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NEW YORK: US natural gas futures were little changed on Thursday after erasing a 5% decline earlier in the session, as the market waited for direction from a federal storage report expected to show last week’s build was near normal due to moderate weather.

A drop in feed gas to liquefied natural gas (LNG) export plants and a 3% decline in oil futures earlier on Thursday pressured US gas futures earlier in the session.

But a jump in European gas futures provided US prices with some support. European prices soared by as much as 22% on Thursday after Russian gas flows declined following the shutdown of a pipe in Ukraine and worries that Russian sanctions on some European energy firms could lead to further gas supply disruptions.

Analysts forecast US utilities added 79 billion cubic feet (bcf) of gas to storage during the week ended May 6. That compares with an increase of 70 bcf in the same week last year and a five-year (2017-2021) average increase of 82 bcf.

If correct, last week’s increase would boost stockpiles to 1.646 trillion cubic feet (tcf), or 15.8% below the five-year average of 1.955 tcf for this time of the year.

US front-month gas futures for June delivery were down 1.7 cents, or 0.2%, to $7.623 per million British thermal units (mmBtu) at 10:05 a.m. EDT (1405 GMT).

Despite recent declines, US gas futures are still up about 104% so far this year as higher global prices have kept demand for US LNG exports strong since Russia’s Feb. 24 invasion of Ukraine. Gas was trading around $32 per mmBtu in Europe and $23 in Asia. The US contract rose to a 13-year high near $9 on May 6.

The US gas market remains mostly shielded from those higher global prices because the United States is the world’s top gas producer, with all the fuel it needs for domestic use while capacity constraints inhibit exports of more LNG no matter how high global prices rise.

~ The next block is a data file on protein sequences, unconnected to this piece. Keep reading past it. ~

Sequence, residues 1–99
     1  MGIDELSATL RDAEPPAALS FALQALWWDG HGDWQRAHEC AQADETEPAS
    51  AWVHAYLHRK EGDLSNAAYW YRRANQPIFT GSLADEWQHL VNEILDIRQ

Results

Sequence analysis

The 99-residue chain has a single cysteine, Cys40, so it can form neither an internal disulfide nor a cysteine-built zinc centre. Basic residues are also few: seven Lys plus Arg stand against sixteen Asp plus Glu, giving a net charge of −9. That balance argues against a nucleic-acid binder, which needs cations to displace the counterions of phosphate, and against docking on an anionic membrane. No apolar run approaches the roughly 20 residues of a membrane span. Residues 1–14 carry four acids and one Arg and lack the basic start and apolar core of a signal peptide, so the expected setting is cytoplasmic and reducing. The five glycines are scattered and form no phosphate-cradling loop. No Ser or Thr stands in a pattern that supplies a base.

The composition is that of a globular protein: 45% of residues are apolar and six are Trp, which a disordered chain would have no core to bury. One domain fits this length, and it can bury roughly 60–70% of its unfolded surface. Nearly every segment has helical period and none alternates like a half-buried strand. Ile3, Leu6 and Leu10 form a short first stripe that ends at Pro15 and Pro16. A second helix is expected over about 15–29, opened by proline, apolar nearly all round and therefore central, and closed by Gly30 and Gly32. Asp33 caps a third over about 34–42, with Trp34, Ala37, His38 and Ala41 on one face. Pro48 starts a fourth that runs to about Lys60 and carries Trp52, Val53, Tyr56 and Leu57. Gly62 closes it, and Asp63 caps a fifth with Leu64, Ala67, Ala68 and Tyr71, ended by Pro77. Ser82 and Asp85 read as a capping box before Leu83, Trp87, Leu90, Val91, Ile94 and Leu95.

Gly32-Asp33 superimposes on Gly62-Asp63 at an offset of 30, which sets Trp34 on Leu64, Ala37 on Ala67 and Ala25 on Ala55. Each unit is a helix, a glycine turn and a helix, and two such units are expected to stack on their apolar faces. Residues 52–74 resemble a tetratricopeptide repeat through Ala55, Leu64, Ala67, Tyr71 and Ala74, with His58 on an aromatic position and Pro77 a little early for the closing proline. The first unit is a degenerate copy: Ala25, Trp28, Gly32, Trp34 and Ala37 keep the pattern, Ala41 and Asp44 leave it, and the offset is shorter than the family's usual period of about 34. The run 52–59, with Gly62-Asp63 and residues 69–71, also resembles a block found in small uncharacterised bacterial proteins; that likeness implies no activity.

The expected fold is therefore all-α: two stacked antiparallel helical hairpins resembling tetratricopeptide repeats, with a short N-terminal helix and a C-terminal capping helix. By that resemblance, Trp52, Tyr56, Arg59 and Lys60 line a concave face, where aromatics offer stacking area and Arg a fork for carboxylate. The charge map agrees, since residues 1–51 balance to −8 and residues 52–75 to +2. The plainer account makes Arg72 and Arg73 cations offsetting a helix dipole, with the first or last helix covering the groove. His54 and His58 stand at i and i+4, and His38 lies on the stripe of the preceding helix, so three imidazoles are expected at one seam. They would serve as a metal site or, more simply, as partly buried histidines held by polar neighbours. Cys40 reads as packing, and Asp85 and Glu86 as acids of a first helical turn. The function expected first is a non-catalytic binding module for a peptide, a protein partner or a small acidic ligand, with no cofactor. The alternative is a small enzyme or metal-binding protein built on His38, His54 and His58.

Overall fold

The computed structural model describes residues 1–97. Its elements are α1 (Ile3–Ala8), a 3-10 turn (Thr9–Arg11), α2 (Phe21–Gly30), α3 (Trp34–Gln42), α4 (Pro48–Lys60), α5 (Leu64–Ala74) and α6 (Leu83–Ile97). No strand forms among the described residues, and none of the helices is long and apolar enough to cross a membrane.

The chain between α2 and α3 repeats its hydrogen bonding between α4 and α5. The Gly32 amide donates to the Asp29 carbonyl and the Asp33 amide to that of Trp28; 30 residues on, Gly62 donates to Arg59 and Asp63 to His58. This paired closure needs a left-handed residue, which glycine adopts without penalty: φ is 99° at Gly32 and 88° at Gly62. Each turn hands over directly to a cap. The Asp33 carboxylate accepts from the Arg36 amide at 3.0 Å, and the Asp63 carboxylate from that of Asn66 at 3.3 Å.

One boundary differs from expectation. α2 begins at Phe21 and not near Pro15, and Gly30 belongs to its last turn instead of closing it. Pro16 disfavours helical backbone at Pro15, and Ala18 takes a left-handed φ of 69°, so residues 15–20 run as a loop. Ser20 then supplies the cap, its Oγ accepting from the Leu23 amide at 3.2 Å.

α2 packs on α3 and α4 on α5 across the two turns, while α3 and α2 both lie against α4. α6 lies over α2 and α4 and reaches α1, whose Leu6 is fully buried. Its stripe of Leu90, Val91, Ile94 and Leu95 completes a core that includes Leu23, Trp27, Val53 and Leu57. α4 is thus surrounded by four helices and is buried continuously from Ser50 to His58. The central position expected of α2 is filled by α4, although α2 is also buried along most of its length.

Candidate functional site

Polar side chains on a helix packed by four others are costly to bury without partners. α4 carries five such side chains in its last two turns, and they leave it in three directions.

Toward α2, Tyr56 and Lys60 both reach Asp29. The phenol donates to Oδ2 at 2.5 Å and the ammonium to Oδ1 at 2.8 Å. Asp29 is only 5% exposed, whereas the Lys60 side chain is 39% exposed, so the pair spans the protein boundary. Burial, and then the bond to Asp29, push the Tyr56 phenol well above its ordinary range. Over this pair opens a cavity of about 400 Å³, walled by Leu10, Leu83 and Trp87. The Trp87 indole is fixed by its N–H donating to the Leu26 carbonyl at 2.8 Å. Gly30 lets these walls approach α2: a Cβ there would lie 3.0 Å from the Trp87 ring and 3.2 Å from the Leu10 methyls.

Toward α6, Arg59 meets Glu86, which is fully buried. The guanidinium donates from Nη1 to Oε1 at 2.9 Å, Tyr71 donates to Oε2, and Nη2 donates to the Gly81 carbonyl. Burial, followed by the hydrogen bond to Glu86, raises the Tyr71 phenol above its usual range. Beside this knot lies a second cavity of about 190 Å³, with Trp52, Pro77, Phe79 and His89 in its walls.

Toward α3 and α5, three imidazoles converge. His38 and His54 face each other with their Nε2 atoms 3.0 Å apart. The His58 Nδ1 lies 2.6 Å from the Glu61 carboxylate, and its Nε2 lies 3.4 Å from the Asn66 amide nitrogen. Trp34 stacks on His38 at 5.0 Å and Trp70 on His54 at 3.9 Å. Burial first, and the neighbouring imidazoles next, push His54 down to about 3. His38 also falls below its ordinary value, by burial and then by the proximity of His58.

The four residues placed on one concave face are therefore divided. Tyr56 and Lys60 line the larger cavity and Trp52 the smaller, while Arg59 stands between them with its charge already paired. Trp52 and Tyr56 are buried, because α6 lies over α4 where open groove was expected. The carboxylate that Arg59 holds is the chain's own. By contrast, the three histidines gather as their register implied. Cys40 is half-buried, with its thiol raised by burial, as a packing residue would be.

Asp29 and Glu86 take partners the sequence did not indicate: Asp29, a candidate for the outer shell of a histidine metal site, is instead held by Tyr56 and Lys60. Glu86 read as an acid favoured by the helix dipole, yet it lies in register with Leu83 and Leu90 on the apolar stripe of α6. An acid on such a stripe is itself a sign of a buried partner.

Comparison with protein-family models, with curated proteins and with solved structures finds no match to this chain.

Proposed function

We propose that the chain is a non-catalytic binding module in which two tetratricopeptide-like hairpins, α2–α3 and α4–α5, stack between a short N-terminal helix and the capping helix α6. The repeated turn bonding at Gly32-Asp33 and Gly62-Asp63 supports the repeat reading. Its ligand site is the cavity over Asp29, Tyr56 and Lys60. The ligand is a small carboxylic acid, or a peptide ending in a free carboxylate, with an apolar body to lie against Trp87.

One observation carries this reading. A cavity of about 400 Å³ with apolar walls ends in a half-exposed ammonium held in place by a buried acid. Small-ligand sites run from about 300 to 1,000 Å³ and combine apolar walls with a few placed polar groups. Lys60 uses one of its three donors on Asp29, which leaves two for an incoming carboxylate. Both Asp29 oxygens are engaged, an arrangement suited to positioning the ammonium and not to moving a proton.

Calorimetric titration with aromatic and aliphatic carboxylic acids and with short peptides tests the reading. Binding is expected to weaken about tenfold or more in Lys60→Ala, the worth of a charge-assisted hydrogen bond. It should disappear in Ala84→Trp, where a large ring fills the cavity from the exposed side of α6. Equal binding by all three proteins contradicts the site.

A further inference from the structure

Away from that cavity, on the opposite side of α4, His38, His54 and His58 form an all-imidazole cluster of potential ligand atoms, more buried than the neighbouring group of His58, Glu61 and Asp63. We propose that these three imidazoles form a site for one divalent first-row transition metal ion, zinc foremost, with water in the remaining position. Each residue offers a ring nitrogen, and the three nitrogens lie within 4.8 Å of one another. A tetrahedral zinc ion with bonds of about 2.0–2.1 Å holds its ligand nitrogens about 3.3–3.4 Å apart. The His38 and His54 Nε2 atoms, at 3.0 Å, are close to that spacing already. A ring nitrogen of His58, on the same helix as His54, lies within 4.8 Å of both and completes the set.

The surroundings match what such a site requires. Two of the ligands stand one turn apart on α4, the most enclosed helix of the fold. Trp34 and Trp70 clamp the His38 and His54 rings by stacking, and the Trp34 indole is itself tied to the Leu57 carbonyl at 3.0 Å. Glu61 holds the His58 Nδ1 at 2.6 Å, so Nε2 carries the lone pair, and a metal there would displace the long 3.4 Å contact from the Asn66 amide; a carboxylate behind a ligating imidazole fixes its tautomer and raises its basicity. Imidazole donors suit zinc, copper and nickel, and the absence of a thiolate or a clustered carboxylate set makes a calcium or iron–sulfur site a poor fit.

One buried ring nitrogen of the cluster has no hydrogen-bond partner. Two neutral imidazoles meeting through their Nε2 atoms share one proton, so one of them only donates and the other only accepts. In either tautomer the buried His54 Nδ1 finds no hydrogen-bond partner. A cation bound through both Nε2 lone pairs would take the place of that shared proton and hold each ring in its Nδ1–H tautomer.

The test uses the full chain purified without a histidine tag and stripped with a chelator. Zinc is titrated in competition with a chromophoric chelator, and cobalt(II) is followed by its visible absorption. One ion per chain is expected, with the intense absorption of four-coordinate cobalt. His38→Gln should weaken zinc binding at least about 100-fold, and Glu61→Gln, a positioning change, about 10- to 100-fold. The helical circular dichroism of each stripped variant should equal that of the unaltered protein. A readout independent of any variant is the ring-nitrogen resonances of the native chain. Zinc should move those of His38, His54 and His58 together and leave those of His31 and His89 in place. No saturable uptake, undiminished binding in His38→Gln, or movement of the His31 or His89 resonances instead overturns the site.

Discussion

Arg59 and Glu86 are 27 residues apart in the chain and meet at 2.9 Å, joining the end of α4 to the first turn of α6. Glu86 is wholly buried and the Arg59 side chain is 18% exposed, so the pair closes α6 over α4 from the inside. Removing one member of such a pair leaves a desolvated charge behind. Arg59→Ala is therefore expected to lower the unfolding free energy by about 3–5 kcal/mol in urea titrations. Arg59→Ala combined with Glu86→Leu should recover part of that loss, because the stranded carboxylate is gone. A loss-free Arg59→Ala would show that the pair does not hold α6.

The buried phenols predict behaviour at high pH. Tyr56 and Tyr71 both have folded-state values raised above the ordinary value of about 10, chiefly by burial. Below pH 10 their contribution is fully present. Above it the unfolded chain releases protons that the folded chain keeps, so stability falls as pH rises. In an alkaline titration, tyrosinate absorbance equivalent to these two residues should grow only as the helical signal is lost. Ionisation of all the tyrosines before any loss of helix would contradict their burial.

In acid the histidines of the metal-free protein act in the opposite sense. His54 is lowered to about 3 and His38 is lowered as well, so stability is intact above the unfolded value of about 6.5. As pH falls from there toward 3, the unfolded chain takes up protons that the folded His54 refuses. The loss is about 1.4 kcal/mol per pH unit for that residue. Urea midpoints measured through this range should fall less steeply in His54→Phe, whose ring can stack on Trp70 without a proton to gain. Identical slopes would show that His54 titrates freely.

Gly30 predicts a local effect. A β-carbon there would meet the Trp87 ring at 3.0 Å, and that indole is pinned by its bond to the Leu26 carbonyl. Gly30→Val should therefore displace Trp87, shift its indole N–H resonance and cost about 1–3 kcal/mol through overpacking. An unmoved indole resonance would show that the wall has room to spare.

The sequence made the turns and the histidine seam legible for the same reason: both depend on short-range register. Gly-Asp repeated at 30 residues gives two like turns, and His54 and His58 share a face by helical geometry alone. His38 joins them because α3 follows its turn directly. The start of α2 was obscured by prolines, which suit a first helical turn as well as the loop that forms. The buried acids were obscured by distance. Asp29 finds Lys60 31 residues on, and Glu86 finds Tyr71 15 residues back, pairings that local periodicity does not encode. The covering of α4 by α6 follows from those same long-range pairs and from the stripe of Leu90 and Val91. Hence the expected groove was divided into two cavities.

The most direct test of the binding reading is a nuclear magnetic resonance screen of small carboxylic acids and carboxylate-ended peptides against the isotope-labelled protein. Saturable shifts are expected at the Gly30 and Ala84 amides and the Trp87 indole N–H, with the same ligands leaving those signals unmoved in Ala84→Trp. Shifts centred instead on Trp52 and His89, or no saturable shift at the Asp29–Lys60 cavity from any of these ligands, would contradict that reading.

Data provider Refinitiv said average gas output in the US Lower 48 states has climbed to 94.7 billion cubic feet per day (bcfd) so far in May from 94.5 bcfd in April. That compares with a monthly record of 96.1 bcfd in November 2021.

Refinitiv projected average US gas demand, including exports, would slide from 90.5 bcfd this week to 89.5 bcfd next week. The forecast for next week was lower than Refinitiv’s outlook on Wednesday due to the decline in LNG feedgas.

On a daily basis, feed gas to US LNG plants was on track to drop to near a four-week low of 11.7 bcfd due mostly to a decline at Cheniere Energy Inc’s Corpus Christi plant in Texas.

Since the United States will not be able to produce much more LNG anytime soon, it has worked with allies to divert LNG exports from elsewhere to Europe to help European Union (EU) countries and others break their dependence on Russian gas.

Russia exported about 8.5 bcfd of gas to Europe on Wednesday on the three mainlines into Germany North Stream 1 (Russia-Germany), Yamal (Russia-Belarus-Poland-Germany) and the Russia-Ukraine-Slovakia-Czech Republic-Germany route - down from 9.0 bcfd on Tuesday and an average of around 11.9 bcfd in May 2021.

Gas stockpiles in Northwest Europe - Belgium, France, Germany and the Netherlands - were about 16% below the five-year (2017-2021) average for this time of year, down from 39% below the five-year norm in mid-March, according to Refinitiv. Storage was currently about 34% of full capacity.

US inventories, meanwhile, were also around 16% below their five-year norm.

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